Chicken Tikka Masala

Chicken Tikka Masala I was younger than 10 years of age when I first tasted Tikka Masala cooked by my Mom.  The tiny book of Indian Cuisine had been lying on a kitchen shelf for ages.  Since I enjoyed...

Chicken Tikka Masala
Chicken Tikka Masala

I was younger than 10 years of age when I first tasted Tikka Masala cooked by my Mom.  The tiny book of Indian Cuisine had been lying on a kitchen shelf for ages.  Since I enjoyed the art of cooking myself, I read through this tiny book hundreds of times and Tikka Masala always was the Indian recipe that intrigued me.  Curiosity initiated my search for the origins of this delicious dish and very often I came across the statement “the national British dish Tikka Masala”.  Confused by the statement, my research began.  Lots of theories and myths beginning as far back as 5000 years, the majority definitely untruths, but a lot of talk in India about tandoori day ovens and raising of chickens way back in the day, so tandoori masala seems to have been a part of a regular diet.  So, of course when the Scots arrived in India, they were offered this local dish, loved it and consequently brought the spices and recipe back to Britain, where not long after “Tikka Masala” was popular all around the country side.  “Tikka” meaning chunks of meat and “Masala” a mixture of spices, describes this dish to perfection.

As we get started with the details to create this marvelous dish, understand that you can adjust the recipe to your taste, more spicy or maybe more creamy.  In India, flavors vary from one region to another.  Your preference in rice can differ also or you can serve it with “chapati”  which is a flat, unleavened, disk shaped bread of Northern India, made of wheat flour, water and salt.  Long grain white rice, maybe with some wild rice added giving it a slightly nutty taste which matches nicely with the spicy sauce.  Basic basmati rice is also a member long grain rice family and would work as well.  In any case, if rice is being used, boil the rice with a whole peeled onion and two cloves of garlic to enhance flavour.  A pinch of saffron or turmeric is often added to enhance colour, but the white rice makes a nice contrast to the orange sauce of the dish.  “Enjoy your Meal” or as they say in India….”Khaanekaalutfuthaae”(thanks Google Translate).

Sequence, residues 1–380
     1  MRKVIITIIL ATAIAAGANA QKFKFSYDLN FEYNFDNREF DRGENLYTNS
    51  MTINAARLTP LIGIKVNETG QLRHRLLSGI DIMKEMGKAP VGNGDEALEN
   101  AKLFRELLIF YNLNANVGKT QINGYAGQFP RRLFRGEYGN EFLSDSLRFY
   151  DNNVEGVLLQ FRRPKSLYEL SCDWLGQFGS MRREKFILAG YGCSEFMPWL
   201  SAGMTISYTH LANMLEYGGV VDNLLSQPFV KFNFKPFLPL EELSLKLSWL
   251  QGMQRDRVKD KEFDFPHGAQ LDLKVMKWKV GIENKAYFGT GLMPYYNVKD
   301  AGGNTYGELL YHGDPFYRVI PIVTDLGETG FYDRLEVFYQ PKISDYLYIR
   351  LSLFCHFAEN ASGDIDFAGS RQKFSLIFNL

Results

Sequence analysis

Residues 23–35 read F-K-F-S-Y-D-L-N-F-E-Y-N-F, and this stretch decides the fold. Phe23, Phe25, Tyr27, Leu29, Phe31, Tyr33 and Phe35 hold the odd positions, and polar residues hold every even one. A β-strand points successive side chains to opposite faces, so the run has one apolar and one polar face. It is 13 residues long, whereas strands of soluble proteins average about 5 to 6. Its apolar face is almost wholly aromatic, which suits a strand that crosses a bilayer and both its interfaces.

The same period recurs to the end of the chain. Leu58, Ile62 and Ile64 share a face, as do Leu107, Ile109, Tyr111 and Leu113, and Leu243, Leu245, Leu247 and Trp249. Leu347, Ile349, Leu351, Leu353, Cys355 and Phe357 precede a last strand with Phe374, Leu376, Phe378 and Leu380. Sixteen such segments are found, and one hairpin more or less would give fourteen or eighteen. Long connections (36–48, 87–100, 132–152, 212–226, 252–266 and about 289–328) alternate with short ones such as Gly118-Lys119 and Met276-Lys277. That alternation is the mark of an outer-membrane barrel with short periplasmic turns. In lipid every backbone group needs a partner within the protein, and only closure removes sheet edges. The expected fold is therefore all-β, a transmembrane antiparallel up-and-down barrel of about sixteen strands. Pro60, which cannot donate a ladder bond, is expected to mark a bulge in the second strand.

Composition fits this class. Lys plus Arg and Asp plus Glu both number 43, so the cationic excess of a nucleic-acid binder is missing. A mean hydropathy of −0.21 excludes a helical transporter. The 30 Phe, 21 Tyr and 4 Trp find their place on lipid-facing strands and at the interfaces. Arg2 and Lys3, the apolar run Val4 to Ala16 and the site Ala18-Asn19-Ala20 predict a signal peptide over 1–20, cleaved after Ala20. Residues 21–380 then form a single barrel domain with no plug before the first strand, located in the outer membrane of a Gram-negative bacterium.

Chicken Tikka Masala


  • 500 g chicken breasts


  • 100 g creamy yogurt
  • 2 teaspoons ground coriander
  • Juice from ½ lemon
  • 2 tablespoons of sunflower oil
  • 1 teaspoon paprika
  • Chili, according to your taste

In a bowl, mix together the yogurt, oil, lemon, coriander, paprika and chili to intensity and taste.

Cut the chicken into bit size pieces, refrigerate marinating pieces  for about 4 hours to tenderize.  Bring to room temperature before frying.



  • 2 tablespoons of sunflower oil
  • 1 teaspoon ground cumin
  • 2 bay leaves
  • 1 whole cinnamon
  • 1 large onion, chopped
  • 2 cloves of garlic
  • 1 tablespoon freshly grated ginger
  • A pinch of turmeric
  • 1 teaspoon garam masala
  • 200 ml coconut cream
  • 1 large tomato, peeled and diced
  • 50 ml tomato puree
  • 2 boiled eggs

Chopped Onion
Chopped Onion


  1. In a large pan heat the oil, add the cumin, bay leaf and cinnamon.  Add the chopped onion, garlic, chili, ginger and let cook on medium heat for 5 minutes or until the onions are tender.
  2. Add the garam masala, turmeric and let the flavours meld for about a minute.
  3. Add the tomato puree, the diced tomato and cook until the tomato dices fall apart and the sauce thickens.
  4. In a medium size pan over medium to high heat, fry the chicken pieces on all sides, add a little water and simmer until tender.
  5. Mix with sauce in larger pan and cook until sauce thickens about 15 minutes.  Add the coconut cream and just mix (boiling could shrink the sauce).
  6. Serve with your rice sprinkled with hard boiled eggs, diced (the egg may also be incorporated into the sauce before serving too).

Why the meat is being marinated?

There are two main reasons for marinating you meat, to make in tender and to enhance the flavors.

  • The two main reason to marinate meat is to make it tender and to enhance the flavours.
  • Each marinade consists of some kind of acid.  In this recipe we used lemon juice.  Others may use vinegar or wine.  Acid is used to break down the protein bands of the meat which is called denaturing. Another way of breaking down the connective tissue of meat is to add ingredients that include natural tenderizing enzymes like pineapple, papaya, ginger or kiwi.
  • Oil is another ingredient, but red meat marinades don’t include that much oil as they are heavy in fat content themselves.
  • As flavour enhancers you can use different herbs and spices, garlic etc….
  • Marinating times differ from recipe to recipe, but if you’re marinate includes acid, salt or alcohol, do not exceed 5 hours of marinating as it may destroy the meat and make the surface mushy.
  • Salt generally is not being added to marinates as it tends to dry meat out.
  • Always put your marinating meat in the fridge as it will prevent bacteria from developing.
  • Set your meat at room temperature before heat processing.